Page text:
Disney will never miss an opportunity to make a buck off of killing something you love.

Meanwhile, over at Disneyland…
After an aging tree fell over in Frontierland in 2001, injuring 20 guests and one popcorn stand, Disneyland began rooting out a lot of the older trees and replacing them with smaller, younger plantings. This year, there appears to be a resurgence in tree removal, particularly around the Hub, where one was taken from about a month ago. The suspicion is that TDA is getting rid of them so the ever-expanding crowds can see more of the fireworks – at the price of much-needed and complained-about shade.

“The trees disappear without warning,” shared one cast member. “One day they’re there, the next morning, gone! I heard that TDA wants to get rid of all the old trees or replace them with new, smaller ones. It seems there is less shade in Disneyland, with the planters disappearing to make room for bigger crowds and their strollers.”

Hopefully the template is not Florida’s Magic Kingdom, which a couple years ago replaced sections of its (albeit massively larger) Plaza with gated gardens of artificial turf, which they could rent out for fireworks viewing packages.

One way that is being discussed to drum up money in the resorts next year is the return of the 24-hour party. Whether it’s going to be just one day or more has not been finalized. Park attendance has been flat this year and next year could be worse if guests are saving up for a visit when Star Wars Land opens in 2019. Relying on short-term gimmicks will be TDA’s go-to strategy to bridge the gap.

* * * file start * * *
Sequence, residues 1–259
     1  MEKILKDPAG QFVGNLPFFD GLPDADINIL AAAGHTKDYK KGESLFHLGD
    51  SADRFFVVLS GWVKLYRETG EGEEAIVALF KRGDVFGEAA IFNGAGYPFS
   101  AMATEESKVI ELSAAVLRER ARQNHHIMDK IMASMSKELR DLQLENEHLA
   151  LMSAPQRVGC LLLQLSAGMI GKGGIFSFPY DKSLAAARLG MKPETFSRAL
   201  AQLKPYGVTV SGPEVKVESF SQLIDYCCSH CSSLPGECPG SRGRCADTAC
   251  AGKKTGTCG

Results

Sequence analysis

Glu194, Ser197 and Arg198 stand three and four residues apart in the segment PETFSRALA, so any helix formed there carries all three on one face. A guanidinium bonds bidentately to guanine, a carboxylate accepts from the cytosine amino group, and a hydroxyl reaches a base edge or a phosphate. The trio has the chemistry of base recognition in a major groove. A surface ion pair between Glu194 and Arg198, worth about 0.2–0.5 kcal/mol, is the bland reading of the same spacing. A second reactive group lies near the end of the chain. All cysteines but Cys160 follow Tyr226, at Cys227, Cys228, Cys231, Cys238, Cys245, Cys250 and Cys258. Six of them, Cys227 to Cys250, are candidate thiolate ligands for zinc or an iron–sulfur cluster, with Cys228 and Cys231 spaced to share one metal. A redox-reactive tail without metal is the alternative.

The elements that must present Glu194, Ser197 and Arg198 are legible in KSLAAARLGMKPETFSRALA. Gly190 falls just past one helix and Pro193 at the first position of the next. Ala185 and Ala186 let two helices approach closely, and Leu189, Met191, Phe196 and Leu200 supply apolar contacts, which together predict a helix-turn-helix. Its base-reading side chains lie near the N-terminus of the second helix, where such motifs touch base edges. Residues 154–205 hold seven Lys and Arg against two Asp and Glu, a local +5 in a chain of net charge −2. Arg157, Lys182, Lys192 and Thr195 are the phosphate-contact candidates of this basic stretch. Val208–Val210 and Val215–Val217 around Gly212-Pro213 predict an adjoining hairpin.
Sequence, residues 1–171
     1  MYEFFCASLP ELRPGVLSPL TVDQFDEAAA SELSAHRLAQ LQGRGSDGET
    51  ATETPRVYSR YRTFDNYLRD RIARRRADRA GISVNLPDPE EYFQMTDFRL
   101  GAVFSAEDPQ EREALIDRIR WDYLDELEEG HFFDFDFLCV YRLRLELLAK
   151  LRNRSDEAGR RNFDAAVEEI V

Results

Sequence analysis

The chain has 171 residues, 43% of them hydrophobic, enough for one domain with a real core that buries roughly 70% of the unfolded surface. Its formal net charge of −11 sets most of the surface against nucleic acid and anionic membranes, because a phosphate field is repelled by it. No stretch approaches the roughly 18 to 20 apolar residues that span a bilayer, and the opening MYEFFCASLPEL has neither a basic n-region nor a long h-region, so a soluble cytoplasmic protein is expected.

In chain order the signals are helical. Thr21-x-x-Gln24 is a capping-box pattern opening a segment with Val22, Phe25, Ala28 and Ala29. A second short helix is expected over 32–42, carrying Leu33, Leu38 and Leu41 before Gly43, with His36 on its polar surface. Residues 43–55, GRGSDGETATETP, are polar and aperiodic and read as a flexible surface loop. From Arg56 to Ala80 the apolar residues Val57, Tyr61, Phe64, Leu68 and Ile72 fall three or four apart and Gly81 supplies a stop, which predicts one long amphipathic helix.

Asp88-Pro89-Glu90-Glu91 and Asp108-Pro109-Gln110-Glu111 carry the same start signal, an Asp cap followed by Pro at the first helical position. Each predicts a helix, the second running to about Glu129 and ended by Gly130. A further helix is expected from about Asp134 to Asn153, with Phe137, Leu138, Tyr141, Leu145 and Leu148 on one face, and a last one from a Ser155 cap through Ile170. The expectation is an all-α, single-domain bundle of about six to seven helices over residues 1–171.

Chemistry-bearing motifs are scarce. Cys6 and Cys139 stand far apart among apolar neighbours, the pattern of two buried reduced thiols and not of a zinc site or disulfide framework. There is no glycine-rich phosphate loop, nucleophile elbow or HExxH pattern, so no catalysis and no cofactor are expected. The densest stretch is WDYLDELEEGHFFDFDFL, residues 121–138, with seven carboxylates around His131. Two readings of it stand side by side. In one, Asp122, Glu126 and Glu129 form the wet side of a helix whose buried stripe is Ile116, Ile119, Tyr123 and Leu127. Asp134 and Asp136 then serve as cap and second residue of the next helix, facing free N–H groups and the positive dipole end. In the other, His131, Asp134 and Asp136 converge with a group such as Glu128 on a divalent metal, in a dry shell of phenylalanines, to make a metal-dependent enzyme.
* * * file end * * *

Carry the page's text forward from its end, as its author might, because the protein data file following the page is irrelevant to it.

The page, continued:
The internal debate over serving alcohol at the cantina in Star Wars Land also continues raging, with several Team Disney Anaheim executives strongly advocating the idea, despite pushback from WDI. “Right now, the majority of Imagineers are against alcohol being served, but they have realized that TDA will override them,” noted one insider.

Parks execs, knowing how profitable alcohol sales in all other areas of the resort, are arguing for the compromise of restricting booze to the new land, but have not been forthcoming with a gameplan for how exactly they’ll make this happen (such as stopping guests from taking drinks into other areas of the park).

And, finally, a number of cast members in Attractions, Custodial, Foods and Merchandise, mostly leads and trainers, have been scheduled to take a “happy” class. “TDA wants the cast members to smile and be more friendly to the guests,” one employee explained. The happiness training is currently a pilot program and, after it’s tweaked, will become mandatory for all cast members.

I’m all for any way Disney can encourage cast members to be happier and friendlier, but might I suggest that improving their pay, benefits and working conditions could do the trick at least as well as sending them to Smile School?